The US Department of State, in collaboration with St. Cloud State University, held an informative session on careers in the department Thursday, touching specifically on career opportunities as foreign service officers (FSO).
The session was in Centennial Hall 207 from 4 p.m. to 5.30 p.m., and was free and open to the public. Recruitment and Outreach Officer Vayram A. Nyadroh presented to an audience of roughly 50 attendees on information ranging from requirement, internship opportunities, professional fellowships, civil service, to foreign service officer career paths.
The FSO track and its career paths were the main focus of the presentation, so much so that there was another information session after the event to discuss and shed light on the Foreign Service Officer Test (FOST).
A FSO is a commissioned member of the US Foreign Service. They are people with strong leadership abilities, sound judgment, the ability to remain composed in stressful situation. And most importantly, they are trustworthy.
FSO’s have five career paths to choose from. One track takes you to becoming a consular officer to help evacuate Americans in times of turmoil in host countries, while helping protect our borders. Then, you could be an economic officer to work with foreign government on trade, energy and environmental issues, or be a management officer to run embassies’ operations. Another career path could be a political officer, analyzing a host country’s political events, or be a public diplomacy officer, promoting mutual understanding and support for US policy and goals.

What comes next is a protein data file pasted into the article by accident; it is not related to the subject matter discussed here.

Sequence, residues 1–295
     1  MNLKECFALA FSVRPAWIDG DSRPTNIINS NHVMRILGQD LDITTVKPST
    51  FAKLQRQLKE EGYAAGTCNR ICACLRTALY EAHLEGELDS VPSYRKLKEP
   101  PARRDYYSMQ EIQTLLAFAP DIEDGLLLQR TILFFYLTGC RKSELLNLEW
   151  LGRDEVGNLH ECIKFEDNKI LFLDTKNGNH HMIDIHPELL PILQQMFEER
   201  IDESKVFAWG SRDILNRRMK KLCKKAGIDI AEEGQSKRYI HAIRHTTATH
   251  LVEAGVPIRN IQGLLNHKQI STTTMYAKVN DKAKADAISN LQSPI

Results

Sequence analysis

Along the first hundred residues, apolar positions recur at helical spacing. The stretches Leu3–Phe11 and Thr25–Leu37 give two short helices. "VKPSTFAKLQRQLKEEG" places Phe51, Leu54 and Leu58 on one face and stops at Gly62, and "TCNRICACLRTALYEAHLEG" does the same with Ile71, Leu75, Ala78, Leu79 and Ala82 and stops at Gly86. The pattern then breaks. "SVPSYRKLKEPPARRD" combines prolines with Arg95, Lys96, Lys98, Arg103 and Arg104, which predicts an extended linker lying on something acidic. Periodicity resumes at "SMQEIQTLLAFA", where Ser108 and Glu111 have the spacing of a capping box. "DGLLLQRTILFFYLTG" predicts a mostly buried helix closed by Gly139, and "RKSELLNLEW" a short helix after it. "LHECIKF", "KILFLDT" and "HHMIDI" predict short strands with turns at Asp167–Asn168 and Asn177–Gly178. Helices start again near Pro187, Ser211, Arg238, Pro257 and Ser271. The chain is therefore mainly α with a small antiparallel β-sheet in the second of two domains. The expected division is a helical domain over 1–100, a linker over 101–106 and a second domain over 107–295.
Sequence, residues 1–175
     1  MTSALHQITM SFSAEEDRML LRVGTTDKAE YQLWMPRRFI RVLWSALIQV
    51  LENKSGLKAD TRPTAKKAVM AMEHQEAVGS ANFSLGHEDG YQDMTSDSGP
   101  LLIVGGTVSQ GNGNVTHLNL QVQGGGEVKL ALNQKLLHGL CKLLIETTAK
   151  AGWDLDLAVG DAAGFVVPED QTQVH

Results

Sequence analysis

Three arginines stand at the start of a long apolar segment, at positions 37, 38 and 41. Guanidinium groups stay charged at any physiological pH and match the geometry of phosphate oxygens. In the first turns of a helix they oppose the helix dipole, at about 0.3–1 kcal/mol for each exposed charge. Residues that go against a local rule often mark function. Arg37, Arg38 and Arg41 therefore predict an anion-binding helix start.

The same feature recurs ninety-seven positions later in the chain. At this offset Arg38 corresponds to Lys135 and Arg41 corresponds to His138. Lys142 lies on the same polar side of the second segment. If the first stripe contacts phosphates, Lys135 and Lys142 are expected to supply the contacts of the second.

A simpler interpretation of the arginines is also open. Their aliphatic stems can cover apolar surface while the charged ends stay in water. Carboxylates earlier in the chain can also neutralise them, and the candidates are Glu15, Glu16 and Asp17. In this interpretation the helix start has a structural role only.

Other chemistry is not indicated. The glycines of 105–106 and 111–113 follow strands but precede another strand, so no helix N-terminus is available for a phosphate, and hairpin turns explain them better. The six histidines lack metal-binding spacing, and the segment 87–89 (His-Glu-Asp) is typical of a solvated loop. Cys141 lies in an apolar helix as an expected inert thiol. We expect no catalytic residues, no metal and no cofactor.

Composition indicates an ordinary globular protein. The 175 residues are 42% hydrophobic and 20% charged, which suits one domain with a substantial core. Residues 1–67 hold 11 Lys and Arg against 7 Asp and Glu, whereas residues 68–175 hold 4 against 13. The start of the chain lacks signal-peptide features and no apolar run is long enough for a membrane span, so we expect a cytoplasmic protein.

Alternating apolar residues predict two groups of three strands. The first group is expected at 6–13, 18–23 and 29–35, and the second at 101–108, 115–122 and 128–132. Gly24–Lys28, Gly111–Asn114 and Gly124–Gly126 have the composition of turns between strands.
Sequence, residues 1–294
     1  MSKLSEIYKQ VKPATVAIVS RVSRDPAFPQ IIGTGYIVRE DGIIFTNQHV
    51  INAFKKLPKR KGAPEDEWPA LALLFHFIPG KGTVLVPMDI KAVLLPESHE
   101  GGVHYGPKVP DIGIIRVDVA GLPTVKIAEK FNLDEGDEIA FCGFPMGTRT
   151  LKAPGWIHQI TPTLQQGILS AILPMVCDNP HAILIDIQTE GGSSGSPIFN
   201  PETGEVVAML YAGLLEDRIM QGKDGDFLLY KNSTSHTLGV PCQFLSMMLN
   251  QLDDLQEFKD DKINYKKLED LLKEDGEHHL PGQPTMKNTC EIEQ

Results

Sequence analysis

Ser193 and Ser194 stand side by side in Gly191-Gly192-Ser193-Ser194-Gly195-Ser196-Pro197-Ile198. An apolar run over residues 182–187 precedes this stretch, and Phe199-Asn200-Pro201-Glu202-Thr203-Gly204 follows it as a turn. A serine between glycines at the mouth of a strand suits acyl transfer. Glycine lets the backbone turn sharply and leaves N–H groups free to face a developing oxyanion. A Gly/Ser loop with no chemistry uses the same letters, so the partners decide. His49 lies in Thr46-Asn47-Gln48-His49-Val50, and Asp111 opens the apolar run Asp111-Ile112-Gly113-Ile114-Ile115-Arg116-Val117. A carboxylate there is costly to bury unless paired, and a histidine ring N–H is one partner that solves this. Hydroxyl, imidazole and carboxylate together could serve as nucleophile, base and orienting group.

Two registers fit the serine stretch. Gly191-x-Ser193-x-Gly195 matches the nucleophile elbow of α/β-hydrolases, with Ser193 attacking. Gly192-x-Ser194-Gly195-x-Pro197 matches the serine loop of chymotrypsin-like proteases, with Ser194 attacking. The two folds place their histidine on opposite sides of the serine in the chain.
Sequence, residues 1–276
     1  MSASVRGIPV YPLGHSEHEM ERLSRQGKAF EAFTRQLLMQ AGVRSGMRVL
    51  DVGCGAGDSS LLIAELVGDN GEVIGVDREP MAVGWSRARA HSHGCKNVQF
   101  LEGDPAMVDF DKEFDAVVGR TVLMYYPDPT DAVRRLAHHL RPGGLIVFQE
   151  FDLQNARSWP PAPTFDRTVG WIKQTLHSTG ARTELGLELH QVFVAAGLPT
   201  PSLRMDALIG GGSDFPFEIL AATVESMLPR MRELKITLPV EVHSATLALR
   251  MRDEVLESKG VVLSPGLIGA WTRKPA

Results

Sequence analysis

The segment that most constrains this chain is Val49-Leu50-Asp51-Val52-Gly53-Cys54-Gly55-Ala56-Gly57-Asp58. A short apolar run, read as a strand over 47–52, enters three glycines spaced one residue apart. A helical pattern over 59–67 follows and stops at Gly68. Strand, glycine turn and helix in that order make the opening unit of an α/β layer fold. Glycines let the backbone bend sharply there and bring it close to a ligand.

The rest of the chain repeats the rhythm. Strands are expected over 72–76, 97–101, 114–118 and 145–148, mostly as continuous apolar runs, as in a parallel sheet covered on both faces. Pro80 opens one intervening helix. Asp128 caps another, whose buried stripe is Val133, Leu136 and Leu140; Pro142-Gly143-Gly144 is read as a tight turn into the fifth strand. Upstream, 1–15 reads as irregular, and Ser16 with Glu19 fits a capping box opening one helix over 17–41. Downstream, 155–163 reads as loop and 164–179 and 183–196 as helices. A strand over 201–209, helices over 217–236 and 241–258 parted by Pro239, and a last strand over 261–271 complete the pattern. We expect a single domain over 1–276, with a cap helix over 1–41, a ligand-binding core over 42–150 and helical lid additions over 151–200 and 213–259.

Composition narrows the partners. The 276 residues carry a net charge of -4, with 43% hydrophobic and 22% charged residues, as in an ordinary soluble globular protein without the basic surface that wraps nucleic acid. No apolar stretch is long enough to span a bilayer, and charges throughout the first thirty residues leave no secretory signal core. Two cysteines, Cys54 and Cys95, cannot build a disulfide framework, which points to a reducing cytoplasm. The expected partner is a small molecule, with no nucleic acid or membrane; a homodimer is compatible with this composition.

Once one figures out a career path, the next step is passing the FSOT. The test is administered three times each year and comprises three sections: job knowledge, English expression and a biographic section.
After the candidates have passed the test, they must submit a personal narrative, take an oral assessment, obtain security and medical clearance. And, finally, they have their application reviewed by a review panel.
The oral assessment is conducted in the presence of a federal officer, so it is imperative to absolutely tell the truth explains Foreign Service Officer Vayram A. Nyadroh, saying “It is a crime to lie to a federal officer.”
“You know how you are asked to put down two reference persons on your application, they will go to each of them and ask them for three more,” she continues. “I know that when we are young we like to experiment many things, but believe me whatever you are hiding, they will find out about it. Whatever you have done, just tell them that.”
“We are looking for good behavior, integrity because you are going to be exposed to sensitive information that people will be willing to kill for.”
Also, when submitting your applications, write a very long resume, put down any leadership experience that you might have, she explained.
“It is a job that is very selective and strongly oriented towards experience. I guarantee you if you submit a two page only resume, you will not be considered,” said Nyadroh.
A career as a FSO changes constantly. The job can take them virtually anywhere across the world. However, if someone is to be sent to areas that could pose a risk, such as Iran or Afghanistan, they are only sent if they volunteer, explained Nyadroh.
She said, “that is the difference between us and the military.”
The information session ended with Nyadroh answering questions in one on one.
“This information session came super convenient,” said Brandon King, a freshman at SCSU. To that he added, “Some of my family members are in the Foreign Service, and so I have heard certain things, but what I found unique was the different areas, kind of like no one ever shared with me the differences between generalist and specialist, application-wise and occupation-wise.”
When asked if he Brandon King if he would you apply for the job, he replied, “For sure, I understand that it is very competitive, but yes I would apply.”